Lichenometry is one of the most widely used methods of dating the surface age of substrata including rock surfaces, boulders, walls, and archaeological remains and has been particularly important in dating late Holocene glacial events. Yellow-green species of the crustose genus Rhizocarpon have been the most useful lichens in lichenometry because of their low growth rates and longevity. This review describes: (1) the biology of the genus Rhizocarpon, (2) growth rates and longevity, (3) environmental growth effects, (4) methods of estimating lichen age, (5) the methodology of lichenometry, (6) applications to dating glacial events, and (7) future research. Lichenometry depends on many assumptions, most critically that if the lag time before colonisation of a substratum is known and lichen age can be estimated, then a minimum surface age date can be obtained by measuring the size of the largest Rhizocarpon thallus. Lichen age can be estimated by calibrating thallus size against surfaces of known age (‘indirect lichenometry’), by constructing a growth rate-size curve from direct measurement of growth (‘direct lichenometry’), using radio-carbon (RC) dating, or from lichen ‘growth rings’. Future research should include a more rigorous investigation of the assumptions of lichenometry, especially whether the largest thallus present at a site is a good indicator of substratum age, and further studies on the establishment, development, growth, senescence, and mortality of Rhizocarpon lichens.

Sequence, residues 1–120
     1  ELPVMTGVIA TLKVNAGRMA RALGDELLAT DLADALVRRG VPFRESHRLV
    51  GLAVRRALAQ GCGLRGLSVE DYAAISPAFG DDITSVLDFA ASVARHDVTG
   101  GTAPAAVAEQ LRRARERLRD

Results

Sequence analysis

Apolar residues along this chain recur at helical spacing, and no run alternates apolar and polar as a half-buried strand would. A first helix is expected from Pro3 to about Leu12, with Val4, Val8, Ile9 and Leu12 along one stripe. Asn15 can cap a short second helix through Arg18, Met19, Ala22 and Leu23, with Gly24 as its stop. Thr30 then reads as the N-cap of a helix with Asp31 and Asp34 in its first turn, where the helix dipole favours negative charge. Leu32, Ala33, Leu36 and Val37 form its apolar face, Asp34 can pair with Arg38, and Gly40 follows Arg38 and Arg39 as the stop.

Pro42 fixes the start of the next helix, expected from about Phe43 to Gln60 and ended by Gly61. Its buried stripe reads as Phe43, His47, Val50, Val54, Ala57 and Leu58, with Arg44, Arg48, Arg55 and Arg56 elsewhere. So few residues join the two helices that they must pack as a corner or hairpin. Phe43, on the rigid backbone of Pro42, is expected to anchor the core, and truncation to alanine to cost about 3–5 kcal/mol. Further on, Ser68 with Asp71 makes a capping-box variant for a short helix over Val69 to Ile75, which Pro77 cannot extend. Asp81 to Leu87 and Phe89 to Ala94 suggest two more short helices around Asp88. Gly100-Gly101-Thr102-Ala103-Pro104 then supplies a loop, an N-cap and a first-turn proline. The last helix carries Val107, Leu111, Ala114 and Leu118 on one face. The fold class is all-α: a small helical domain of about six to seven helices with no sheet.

|Title of host publication||Advances in environmental research|
|Editors||Justin A. Daniels|
|Place of Publication||Hauppauge, NY (US)|
|Number of pages||28|
|Publication status||Published - 2015|
|Name||Advances in environmental research|
- rhizocarpon geographicum
- Lichen growth
- growth rate-size curve
- growth rings
- Holocene glacial events
Armstrong, R. A. (2015). The use of the lichen genus Rhizocarpon in lichenometric dating with special reference to Holocene glacial events. In J. A. Daniels (Ed.), Advances in environmental research (pp. 23-50). (Advances in environmental research; Vol. 39). Nova science.